Toronto media strikes out

Sycophants suddenly turn on new Jays management

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The Toronto Blue Jays’ decades-long streak of winning the World Series in February appears to be finally coming to an end this winter, judging by all the sky-is-falling talk coming out of that city’s always hysterical sports media.

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Opinion

Hey there, time traveller!
This article was published 18/12/2015 (2481 days ago), so information in it may no longer be current.

The Toronto Blue Jays’ decades-long streak of winning the World Series in February appears to be finally coming to an end this winter, judging by all the sky-is-falling talk coming out of that city’s always hysterical sports media.

A notorious bunch of sycophants who have for years drank the Blue Jays Kool-Aid every spring training — This is the year! No really, we mean it this time! — the Toronto media seems to have collectively decided this winter the team’s new management has gotten it all wrong and only dark times loom ahead.

Typically — and hilariously — it’s they who have gotten it wrong. Again.

John Sleezer / Kansas City Star / TNS Toronto Blue Jays third baseman Josh Donaldson (20) celebrates his home run during the third inning on Monday, Oct. 19, 2015, at Rogers Centre in Toronto.

The hand-wringing started in October, with the departure of Alex Anthopoulos, who had ingratiated himself with the local intelligentsia by leaking like a sieve for much of his six-year reign as Blue Jays general manager.

The consternation picked up speed when it became clear the Jays wouldn’t be re-signing pitcher David Price, who ultimately signed with division rival Boston in a seven-year, US$217-million deal the Red Sox are going to regret for years to come.

It hit terminal velocity in the past month, when a dreaded “outsider” — former Cleveland Indians boss Mark Shapiro — was formally introduced as the club’s new president-chief executive officer, and he promptly named another outsider — former Indians executive Ross Atkins — as the team’s new GM.

And it just got silly this week, when Shapiro suggested during a luncheon with a cabal of Toronto reporters that, no, the Jays probably won’t be replacing the expensive artificial turf installed at Rogers Centre last spring with grass — as Anthopoulos and former club president Paul Beeston wanted to do.

Shapiro’s disclosure was greeted by the local media as yet further evidence that: a) he’s a tightwad, doing the bidding of the club’s hated corporate owners, Rogers Communications Inc.; and b) he just “doesn’t get us,” like Anthopoulos did.

Leaving aside the craziness that is attempting to grow grass in a winter city in a domed stadium — even one with a retractable roof — the hysteria over all things Blue Jays the past couple of months has missed the point entirely.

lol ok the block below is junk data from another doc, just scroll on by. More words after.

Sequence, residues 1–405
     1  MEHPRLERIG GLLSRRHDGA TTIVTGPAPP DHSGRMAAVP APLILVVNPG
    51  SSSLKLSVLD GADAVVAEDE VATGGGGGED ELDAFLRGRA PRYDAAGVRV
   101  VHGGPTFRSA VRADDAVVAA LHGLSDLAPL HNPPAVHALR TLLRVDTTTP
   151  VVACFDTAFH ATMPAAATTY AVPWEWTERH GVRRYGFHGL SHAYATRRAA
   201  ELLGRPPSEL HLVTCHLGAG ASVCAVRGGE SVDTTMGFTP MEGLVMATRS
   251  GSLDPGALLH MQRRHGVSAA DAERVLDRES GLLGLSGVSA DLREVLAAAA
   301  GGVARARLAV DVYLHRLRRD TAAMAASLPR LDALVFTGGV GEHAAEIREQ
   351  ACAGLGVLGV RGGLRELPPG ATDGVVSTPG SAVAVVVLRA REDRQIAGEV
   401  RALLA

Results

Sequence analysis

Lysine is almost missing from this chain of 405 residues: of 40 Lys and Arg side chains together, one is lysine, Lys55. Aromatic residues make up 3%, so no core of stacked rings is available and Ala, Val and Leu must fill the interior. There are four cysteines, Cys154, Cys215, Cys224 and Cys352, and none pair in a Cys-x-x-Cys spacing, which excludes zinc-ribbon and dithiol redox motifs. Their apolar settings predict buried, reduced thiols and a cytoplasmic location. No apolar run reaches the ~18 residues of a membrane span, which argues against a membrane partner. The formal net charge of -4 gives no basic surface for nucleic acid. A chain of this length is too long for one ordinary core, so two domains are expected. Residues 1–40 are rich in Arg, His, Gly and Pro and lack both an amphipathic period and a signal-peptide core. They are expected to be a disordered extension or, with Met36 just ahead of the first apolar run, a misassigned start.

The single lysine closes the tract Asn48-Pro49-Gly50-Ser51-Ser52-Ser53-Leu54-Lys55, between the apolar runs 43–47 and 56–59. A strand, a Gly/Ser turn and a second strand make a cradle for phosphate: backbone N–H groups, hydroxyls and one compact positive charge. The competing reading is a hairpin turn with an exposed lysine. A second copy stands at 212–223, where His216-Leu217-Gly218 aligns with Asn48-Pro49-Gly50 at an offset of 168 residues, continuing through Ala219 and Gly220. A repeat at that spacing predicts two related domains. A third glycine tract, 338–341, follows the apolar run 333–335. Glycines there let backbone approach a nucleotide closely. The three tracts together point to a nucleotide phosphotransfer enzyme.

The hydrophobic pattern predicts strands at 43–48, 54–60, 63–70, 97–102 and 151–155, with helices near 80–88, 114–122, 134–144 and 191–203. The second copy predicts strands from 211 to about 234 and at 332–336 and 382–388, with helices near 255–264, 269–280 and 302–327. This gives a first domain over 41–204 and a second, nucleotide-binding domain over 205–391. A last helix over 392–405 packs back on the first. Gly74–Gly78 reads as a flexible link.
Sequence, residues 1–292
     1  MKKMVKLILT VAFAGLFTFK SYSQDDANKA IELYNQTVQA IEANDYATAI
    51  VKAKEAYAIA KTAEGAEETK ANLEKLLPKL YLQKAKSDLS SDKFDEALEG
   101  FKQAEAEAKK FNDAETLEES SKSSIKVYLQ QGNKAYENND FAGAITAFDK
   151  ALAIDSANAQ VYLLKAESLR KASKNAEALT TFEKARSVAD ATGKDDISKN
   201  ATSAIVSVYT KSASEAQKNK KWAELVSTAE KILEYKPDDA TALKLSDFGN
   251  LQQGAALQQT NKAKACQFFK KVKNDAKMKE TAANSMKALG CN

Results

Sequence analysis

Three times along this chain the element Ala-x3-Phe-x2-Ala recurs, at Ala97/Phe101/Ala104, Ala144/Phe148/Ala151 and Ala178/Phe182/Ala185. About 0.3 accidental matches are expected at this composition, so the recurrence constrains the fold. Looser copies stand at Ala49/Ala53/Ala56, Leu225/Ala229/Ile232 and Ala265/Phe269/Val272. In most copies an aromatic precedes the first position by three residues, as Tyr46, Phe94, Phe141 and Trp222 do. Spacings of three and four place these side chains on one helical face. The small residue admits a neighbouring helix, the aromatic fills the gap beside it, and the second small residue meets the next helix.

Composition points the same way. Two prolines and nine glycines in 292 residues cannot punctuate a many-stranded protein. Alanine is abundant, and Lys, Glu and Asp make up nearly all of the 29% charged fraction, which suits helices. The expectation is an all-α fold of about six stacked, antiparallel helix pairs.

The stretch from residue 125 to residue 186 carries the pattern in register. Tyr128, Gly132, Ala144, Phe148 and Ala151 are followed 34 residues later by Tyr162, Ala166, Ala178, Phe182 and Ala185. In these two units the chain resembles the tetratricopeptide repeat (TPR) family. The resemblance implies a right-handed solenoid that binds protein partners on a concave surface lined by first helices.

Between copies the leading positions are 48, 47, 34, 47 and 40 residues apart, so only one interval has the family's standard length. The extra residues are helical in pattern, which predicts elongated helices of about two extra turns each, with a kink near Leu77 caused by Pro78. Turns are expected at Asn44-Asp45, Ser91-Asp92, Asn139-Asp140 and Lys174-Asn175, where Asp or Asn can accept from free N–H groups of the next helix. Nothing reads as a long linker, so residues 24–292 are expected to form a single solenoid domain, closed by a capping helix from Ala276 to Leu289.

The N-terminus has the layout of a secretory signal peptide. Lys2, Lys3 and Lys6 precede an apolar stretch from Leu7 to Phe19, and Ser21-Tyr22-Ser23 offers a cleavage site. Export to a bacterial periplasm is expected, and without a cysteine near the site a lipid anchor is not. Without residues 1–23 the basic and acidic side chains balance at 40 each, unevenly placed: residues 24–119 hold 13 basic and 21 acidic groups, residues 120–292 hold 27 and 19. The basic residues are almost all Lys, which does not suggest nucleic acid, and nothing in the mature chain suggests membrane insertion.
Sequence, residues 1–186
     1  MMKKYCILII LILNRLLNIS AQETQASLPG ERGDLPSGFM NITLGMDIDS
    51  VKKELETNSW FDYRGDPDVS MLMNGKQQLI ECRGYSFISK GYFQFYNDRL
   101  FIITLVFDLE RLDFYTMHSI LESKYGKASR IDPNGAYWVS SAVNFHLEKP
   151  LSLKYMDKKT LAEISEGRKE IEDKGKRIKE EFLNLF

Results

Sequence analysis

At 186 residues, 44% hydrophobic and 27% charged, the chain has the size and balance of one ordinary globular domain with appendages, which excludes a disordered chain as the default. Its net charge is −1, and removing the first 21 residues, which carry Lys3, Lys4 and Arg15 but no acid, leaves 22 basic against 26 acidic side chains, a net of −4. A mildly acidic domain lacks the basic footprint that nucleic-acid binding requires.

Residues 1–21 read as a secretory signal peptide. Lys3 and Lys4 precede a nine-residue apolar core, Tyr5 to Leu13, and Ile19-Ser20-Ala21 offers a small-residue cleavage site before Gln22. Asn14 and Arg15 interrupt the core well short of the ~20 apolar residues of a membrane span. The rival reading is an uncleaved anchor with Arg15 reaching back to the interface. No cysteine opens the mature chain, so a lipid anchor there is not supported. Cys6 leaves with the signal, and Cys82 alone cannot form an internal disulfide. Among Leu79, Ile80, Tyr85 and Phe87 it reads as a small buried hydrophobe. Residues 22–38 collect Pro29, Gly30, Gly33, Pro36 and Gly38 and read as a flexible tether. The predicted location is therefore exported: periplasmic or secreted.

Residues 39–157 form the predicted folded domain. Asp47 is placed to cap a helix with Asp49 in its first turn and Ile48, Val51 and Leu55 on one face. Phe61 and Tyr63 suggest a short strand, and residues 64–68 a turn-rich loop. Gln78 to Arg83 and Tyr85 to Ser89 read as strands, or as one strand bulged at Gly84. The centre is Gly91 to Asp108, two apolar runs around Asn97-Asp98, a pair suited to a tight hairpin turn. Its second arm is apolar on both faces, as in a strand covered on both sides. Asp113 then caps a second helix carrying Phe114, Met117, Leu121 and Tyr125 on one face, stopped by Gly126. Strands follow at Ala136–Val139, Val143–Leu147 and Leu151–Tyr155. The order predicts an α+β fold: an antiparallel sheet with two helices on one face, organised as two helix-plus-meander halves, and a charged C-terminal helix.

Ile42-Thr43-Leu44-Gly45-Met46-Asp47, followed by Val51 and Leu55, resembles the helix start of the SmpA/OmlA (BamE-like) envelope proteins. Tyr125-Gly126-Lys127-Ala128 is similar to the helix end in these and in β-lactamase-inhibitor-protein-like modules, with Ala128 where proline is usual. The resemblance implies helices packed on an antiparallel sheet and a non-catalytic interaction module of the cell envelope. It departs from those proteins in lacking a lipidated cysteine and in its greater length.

This remains a really, really good team that is going to do all kinds of damage all over the American League next summer.

They let Price walk. But Shapiro replaced him with the much more economically priced J.A. Happ, who went 7-2 with a 1.85 ERA in the second half of the 2015 season.

Aside from that one significant personnel change, the Blue Jays will field the same team that went to the AL Championship Series in October, and came within a couple of key plays — and some shaky umpiring — of playing for its first World Series title since 1993.

American League MVP Josh Donaldson? Still on the team. Sluggers Edwin Encarnacion and Jose Bautista? Still on the team. Five-time all-star shortstop Troy Tulowitzki? Yes, still on the team.

And Price? The Blue Jays have a brighter future — not darker — after parting with a guy they essentially rented for a playoff push at last year’s trading deadline.

For starters, Price has a terrible record in the playoffs (2-7 with a 5.12 ERA).

More to the point, re-signing Price for the stratospheric price he was demanding would have meant the Jays would be hard-pressed to re-sign Bautista and Encarnacion, who are both in the final year of their contracts in 2016.

The Blue Jays play in a big city, but in terms of Major League Baseball, they would more accurately be described as a middle-market team.

And as much as fans don’t want to hear it, there are budget realities which have come into even sharper focus with the plummeting Canadian dollar and the realization the $5.2 billion Rogers is paying for NHL broadcasting rights is looking like a money-loser. (A column for another day.)

But playing within a budget doesn’t have to mean playing losing baseball, as evidenced yet again last fall as the Kansas City Royals won the World Series and the Los Angeles Dodgers couldn’t get out of their National League Division Series.

The real test for Shapiro — and for what Rogers’ intentions are with the Jays — will come in 2016 in the negotiations with Bautista and Encarnacion. If Shapiro can lock down that pair for years to come, Jays Nation — and everyone else — will quickly forget about Anthopoulos.

I’ve got no dog in this fight. I inherited an allegiance to the New York Yankees as a child and I’d love nothing better than if all this talk about the Blue Jays sucking forever now that Anthopoulos is gone were true.

But it’s not, and it wouldn’t surprise me one bit if this club finally gets back to the World Series next fall, now that the Toronto media have turned on them.

They’ve been wrong about this team forever. And now that they’ve finally switched sides, I’m betting they’re wrong again.

paul.wiecek@freepress.mb.ca

Twitter: @PaulWiecek

Paul Wiecek

Paul Wiecek
Reporter (retired)

Paul Wiecek was born and raised in Winnipeg’s North End and delivered the Free Press -- 53 papers, Machray Avenue, between Main and Salter Streets -- long before he was first hired as a Free Press reporter in 1989.

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